Suppose you have a (smooth) affine algebraic variety $X$ (over an algebraically closed field $k$) with ring of regular functions $A$, of dimension $n$. Let $Y$ a complete intersection in $X$, of codimension $c$. Take two minimal sets $f_1, \dots, f_c$ and $g_1, \dots, g_c$ of generators for $I_Y$. Set $f:=(f_1, \dots, f_c) \in A^c$ and $g = (g_1, \dots, g_c) \in A^c$.

Question: Does there exist a matrix $P \in M_{c \times c}(A)$ such that $Pf=g$ and that $\det P$ never vanishes over $X$?

Comment. Of course there are always (a lot of) matrices $P$ such that $Pf=g$. Moreover, it is easy to prove that any matrix $P$ such that $Pf=g$ has determinant which does not vanish over $Y$, and hence over an affine open subset $V$ of $Y$ inside $X$. (see for example, Matsumura, Commutative Ring Theory, thm 2.3).

On the other hand, it is also easy to find examples where a matrix $P$ such that $Pf=g$, has determinant vanishing somewhere on $X \setminus Y$. Take for example $X=\mathbb{C}^2$ and $f=g=(x,y)$ and $$A = \left( \begin{array}{cc}1-y & x \\ -y^2 & 1+xy \end{array} \right) \;.$$

However, Arrondo, in https://arxiv.org/pdf/math/0610015.pdf, beginning of paragraph 3, suggests that my question might have a positive answer.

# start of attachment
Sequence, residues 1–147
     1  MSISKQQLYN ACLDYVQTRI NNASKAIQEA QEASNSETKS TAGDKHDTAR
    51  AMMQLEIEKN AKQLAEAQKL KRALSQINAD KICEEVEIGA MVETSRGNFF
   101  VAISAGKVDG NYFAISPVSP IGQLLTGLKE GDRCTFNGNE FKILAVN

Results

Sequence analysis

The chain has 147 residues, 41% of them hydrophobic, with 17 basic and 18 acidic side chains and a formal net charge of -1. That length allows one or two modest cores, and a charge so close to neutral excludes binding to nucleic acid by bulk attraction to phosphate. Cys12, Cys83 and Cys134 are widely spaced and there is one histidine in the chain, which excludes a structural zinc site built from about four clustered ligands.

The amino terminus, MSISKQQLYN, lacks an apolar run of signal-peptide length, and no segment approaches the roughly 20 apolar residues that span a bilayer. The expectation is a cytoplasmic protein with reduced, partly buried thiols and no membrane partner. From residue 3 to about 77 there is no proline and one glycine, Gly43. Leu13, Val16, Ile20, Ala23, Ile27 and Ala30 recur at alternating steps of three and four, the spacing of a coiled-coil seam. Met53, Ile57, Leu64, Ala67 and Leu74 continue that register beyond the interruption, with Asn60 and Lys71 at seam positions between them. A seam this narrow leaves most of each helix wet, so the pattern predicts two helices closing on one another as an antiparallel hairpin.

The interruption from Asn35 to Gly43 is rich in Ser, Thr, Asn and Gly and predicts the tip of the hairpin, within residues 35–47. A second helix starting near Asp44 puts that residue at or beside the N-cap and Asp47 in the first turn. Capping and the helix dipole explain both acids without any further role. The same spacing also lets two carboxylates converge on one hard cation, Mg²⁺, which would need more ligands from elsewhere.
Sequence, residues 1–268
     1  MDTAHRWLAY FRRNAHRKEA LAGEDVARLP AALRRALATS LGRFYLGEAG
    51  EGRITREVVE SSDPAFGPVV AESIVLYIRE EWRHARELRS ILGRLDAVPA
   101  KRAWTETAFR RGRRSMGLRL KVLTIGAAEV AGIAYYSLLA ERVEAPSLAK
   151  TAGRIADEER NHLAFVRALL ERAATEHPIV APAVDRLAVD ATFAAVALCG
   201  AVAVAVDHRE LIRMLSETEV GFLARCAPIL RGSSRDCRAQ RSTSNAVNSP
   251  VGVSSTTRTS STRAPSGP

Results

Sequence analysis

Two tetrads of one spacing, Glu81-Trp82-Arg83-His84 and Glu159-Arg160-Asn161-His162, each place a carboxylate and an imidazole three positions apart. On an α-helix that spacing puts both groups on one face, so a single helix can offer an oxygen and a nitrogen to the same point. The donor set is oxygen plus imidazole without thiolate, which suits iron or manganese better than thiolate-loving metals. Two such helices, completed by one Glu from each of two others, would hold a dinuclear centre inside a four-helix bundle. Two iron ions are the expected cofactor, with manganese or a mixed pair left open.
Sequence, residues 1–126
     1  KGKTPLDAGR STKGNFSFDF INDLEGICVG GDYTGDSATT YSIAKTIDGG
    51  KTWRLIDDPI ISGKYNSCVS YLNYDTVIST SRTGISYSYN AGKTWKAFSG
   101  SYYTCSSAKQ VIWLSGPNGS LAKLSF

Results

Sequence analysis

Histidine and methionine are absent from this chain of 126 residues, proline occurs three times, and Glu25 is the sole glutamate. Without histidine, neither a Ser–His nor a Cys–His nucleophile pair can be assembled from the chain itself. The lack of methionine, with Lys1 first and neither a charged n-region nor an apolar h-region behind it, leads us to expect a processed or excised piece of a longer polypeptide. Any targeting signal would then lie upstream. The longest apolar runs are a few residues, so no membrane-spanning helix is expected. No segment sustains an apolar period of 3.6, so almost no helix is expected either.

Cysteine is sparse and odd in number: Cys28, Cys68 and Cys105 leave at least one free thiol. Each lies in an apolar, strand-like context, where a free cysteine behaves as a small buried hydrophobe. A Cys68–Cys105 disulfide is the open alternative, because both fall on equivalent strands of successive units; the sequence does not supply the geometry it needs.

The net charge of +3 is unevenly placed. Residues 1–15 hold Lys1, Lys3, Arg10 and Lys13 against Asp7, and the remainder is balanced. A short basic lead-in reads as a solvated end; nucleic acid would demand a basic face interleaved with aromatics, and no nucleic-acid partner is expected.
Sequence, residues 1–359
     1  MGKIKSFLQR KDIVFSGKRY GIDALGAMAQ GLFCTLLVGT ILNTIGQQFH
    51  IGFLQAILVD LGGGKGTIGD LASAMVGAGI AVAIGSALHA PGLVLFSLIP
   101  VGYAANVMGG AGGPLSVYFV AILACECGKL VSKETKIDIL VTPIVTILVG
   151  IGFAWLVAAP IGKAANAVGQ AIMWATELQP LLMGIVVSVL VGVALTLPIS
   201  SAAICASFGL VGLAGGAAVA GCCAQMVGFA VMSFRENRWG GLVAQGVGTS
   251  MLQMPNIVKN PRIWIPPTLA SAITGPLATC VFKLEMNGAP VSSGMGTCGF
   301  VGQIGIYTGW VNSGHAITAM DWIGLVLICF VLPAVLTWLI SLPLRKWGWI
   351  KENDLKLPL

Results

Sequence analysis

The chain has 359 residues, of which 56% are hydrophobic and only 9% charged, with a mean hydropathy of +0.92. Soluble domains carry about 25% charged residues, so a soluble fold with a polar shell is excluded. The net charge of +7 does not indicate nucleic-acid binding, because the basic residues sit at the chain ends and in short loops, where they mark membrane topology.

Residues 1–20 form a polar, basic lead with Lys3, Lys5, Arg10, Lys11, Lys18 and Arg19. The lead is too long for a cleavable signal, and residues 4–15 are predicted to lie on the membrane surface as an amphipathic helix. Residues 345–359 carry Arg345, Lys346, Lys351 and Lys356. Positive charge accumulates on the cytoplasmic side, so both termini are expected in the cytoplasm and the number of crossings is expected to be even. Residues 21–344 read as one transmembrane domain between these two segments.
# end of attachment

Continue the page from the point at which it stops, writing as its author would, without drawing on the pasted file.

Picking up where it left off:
1 Answer 1


This is in general not true. Consider the ideal (complete intersection) $I=(x,y,zt-1)\subset k[x,y,z,t]$ for any field $k$. Then $I$ can also be generated by $(x, yz, zt-1)$. It can be shown that there are no non-singular $3\times 3$ matrix as you seek in this case. For details, see my paper (N. Mohan Kumar, A note on Cancellation of Reflexive modules, J. Ramanujan Society, 2002).

  • $\begingroup$ Dear @Mohan, thanks so much!. It seems to me that your counterexample can be easily adapted to give counterexamples when codimension $Y =c \geq 3$. What happens if codimension of $Y$ is 2? $\endgroup$
    – skywalker
    Apr 29, 2018 at 12:42
  • $\begingroup$ @skywalker The same argument works even for $I=(x,yz-1)=(xy, yz-1)$, codimension two in $k[x,y,z]$. I did not want to rewrite the arguments from my paper. $\endgroup$
    – Mohan
    Apr 29, 2018 at 13:36
  • $\begingroup$ @ Mohan, Thank you very much! $\endgroup$
    – skywalker
    Apr 29, 2018 at 13:48

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